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June 29, 1967

I. William BIANCHI, Jr., Quentin B. Sammis and the Town of Huntington, Plaintiffs,
Evans K. GRIFFING, William P. Bain, Lester M. Albertson, William J. Leonard, Stephen F. Meschutt, Ralph J. Osgood, Charles R. Dominy, Robert J. Flynn, Arthur M. Cromarty and Thomas J. Harwood, constituting the Board of Supervisors of Suffolk County, New York, Defendants

The opinion of the court was delivered by: BRUCHHAUSEN

BRUCHHAUSEN, District Judge.

 The plaintiffs, I. William Bianchi and Quentin B. Sammis, residents of the Towns of Brookhaven and Huntington, Suffolk County, State of New York, brought this action in their own behalf and in behalf of all other taxpayers and voters of the said County. Subsequently the Town of Huntington was made a party plaintiff.

 Each of the ten individual defendants is an elected supervisor of his respective town. They collectively constitute the Board of Supervisors of the said County.

 The plaintiffs, in their complaint, alleged that because of the gross disparity in population of the townships, each member of the said Board of Supervisors casts one vote in functioning as a County and a State official, resulting in an arbitrary impairment of the votes of the plaintiffs and all those similarly situated; that the system arbitrarily exalts the voting strength of persons residing in the less populous and rural townships with no justification other than the present invidiously discriminatory geographic classification and that such classification is in violation of the Fourteenth Amendment of the Constitution of the United States.

 The plaintiffs' demand for relief, as stated in the complaint, is as follows:

 (1) To declare void and invalid under the due process and equal protection clauses of the Fourteenth Amendment of the United States Constitution so much of Section 203 of the Suffolk County Charter enacted by the Legislature of the State of New York in the year 1958 as Chapter 278 of the Laws of that year, as provides that each Supervisor shall have one vote as a member of the Suffolk County Board of Supervisors.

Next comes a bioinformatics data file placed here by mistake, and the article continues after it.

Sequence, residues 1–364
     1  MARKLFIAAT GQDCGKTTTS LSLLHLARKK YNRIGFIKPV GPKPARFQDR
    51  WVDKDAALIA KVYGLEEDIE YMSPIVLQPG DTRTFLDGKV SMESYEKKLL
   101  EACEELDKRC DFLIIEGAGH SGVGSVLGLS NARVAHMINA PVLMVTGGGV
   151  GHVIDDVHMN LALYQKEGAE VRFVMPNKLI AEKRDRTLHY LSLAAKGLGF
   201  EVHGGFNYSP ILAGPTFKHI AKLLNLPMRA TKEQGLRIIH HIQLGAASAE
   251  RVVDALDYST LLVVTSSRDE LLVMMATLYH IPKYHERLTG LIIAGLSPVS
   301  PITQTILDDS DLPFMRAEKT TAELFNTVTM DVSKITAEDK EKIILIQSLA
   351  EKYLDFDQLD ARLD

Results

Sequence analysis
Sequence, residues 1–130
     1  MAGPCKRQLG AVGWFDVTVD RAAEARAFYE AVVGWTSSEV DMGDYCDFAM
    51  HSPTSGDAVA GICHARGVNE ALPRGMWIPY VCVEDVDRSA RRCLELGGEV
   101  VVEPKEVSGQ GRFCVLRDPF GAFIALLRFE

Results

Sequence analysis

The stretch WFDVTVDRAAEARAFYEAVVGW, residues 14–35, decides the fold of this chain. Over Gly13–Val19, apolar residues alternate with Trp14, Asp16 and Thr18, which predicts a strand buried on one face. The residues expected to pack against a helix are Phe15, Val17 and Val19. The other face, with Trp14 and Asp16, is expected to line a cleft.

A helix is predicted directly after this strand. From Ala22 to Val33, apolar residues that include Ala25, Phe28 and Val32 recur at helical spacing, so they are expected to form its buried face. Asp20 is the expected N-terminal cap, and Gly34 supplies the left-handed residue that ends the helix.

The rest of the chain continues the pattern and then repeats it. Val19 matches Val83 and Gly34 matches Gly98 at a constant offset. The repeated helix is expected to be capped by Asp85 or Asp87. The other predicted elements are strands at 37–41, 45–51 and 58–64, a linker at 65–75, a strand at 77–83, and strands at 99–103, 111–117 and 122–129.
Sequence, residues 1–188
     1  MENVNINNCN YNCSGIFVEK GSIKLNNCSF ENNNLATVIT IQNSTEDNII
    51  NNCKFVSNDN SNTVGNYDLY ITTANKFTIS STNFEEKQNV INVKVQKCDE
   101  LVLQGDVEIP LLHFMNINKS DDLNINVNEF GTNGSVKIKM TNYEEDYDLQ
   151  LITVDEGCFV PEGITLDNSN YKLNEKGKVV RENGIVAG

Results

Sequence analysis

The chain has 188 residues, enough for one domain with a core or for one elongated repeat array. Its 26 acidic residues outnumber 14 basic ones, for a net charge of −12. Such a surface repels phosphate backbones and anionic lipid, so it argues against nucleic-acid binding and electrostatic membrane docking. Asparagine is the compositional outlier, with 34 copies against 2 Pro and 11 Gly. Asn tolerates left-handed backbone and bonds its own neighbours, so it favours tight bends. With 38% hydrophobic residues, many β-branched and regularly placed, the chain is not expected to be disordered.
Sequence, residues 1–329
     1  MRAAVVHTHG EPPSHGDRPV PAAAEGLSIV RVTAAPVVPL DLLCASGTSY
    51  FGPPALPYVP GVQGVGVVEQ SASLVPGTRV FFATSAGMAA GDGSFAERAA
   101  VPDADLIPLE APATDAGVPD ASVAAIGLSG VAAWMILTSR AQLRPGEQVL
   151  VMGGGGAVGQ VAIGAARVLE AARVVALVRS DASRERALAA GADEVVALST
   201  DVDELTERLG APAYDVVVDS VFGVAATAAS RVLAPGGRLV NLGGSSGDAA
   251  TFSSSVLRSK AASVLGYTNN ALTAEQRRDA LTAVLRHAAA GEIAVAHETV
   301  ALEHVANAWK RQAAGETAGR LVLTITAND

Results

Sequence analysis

(2) To enjoin the defendants from acting as the Board of Supervisors unless and until a change in their voting strength is made.

 (3) To cause to be convened a three-judge court to hear and determine the case (28 U.S.C. ยง 2281 et seq.).

 The defendants moved to dismiss the complaint upon the ground, amongst others, that no substantial federal question was raised. The motion was denied without prejudice to renewal before a three-judge court. See Bianchi v. Griffing, 217 F. Supp. 166 (E.D.N.Y.1963). Thereafter, a three-judge court was convened and a hearing was held, at which the motion to dismiss was renewed.

 The first opinion of the three-judge court, dated February 1, 1965, is reported in 238 F. Supp. 997. The Supreme Court of the United States dismissed the appeal from the order entered thereon, 382 U.S. 15, 86 S. Ct. 52, 15 L. Ed. 2d 11, for want of jurisdiction.

 The second opinion of the three-judge court, dated June 15, 1966, is reported in 256 F. Supp. 617. The supplemental opinion order, dated August 4, 1966, is not reported. The defendants appealed therefrom to the United States Supreme Court. The said court, in an opinion, dated May 22, 1967, 387 U.S. 136, 87 S. Ct. 1507, 18 L. Ed. 2d 681, held that the said Charter provision "is one of limited application, concerning only a particular county involved in the litigation" and that "a three-judge court was improperly convened" and vacated the judgment therein and remanded the cause to the court which heard the case (the court whereover Judge Bruchhausen presides) so that it might enter a fresh decree from which appellants may, if they wish, perfect a timely appeal to the United States Court of Appeals for this Circuit.